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DfE announces steps to improve education for children with additional needs
Steps to transform education for children with additional needs and ambitious plans to improve the experiences of children in alternative provision have been announced.
According to the Department for Education (DfE), evidence shows children educated in alternative provision, school settings for children who face challenges in mainstream school, are less likely to achieve good GCSE grades and are less likely to be in education, employment or training post-16.
Previous analysis also shows that children excluded from school are more likely to end up in the criminal justice system.
The plans aim to tackle those inequalities and ensure Britain is a country that “truly works for everyone” by looking at the experience and outcomes for children who face the most challenges in mainstream school - including those at greatest risk of exclusion - such as those with special educational needs (SEN), children with autism or children in need of help and protection, including those in care.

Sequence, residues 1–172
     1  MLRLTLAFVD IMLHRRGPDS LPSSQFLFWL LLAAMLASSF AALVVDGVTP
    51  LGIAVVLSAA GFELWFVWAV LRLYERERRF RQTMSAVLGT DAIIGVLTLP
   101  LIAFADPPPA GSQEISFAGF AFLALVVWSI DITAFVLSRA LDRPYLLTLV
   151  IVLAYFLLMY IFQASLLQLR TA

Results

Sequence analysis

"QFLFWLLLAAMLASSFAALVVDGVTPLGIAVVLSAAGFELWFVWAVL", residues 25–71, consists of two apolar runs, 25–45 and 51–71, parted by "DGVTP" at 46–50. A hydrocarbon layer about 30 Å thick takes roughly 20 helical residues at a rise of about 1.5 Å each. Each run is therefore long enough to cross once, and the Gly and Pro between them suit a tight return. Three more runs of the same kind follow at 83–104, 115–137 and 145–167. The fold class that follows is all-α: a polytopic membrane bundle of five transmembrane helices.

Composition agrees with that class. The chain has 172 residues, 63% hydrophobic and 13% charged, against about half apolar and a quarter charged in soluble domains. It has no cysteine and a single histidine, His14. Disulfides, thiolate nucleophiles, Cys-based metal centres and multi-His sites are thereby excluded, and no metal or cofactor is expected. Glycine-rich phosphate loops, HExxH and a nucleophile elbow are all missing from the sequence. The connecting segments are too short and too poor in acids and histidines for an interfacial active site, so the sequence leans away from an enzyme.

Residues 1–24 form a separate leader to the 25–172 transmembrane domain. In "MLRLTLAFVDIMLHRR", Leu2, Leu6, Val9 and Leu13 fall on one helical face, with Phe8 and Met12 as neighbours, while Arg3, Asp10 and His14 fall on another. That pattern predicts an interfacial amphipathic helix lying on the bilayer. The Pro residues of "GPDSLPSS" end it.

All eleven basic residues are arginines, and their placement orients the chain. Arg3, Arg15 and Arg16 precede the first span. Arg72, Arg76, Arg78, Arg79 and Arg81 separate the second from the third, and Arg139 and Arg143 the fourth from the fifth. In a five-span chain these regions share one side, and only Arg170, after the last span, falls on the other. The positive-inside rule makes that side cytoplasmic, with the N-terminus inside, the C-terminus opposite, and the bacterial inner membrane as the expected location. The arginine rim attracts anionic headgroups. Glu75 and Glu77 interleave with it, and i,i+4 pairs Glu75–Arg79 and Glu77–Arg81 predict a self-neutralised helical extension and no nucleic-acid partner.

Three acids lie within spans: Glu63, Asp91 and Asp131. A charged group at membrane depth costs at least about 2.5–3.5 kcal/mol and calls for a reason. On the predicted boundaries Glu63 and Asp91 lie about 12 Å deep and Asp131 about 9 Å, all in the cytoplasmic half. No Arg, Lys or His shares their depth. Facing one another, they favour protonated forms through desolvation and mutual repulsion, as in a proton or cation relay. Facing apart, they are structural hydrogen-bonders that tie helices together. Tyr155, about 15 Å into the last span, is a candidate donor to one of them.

They include an externally led review of school exclusions, originally announced by the Prime Minister in response to the Race Disparity Audit, which will look at why some children are more likely to be excluded than others.
Plans also include a new £4million fund to develop new ways to help children with additional needs move from alternative provision into mainstream education or special schools and measures to drive up standards in alternative provision education settings.
Education secretary Damian Hinds said: “It’s a mark of a strong society how we treat children who are most in need of our support. Every child, whatever their background and no matter what challenges they face, should have access to a world-class education that prepares them for life in the modern world.”Read more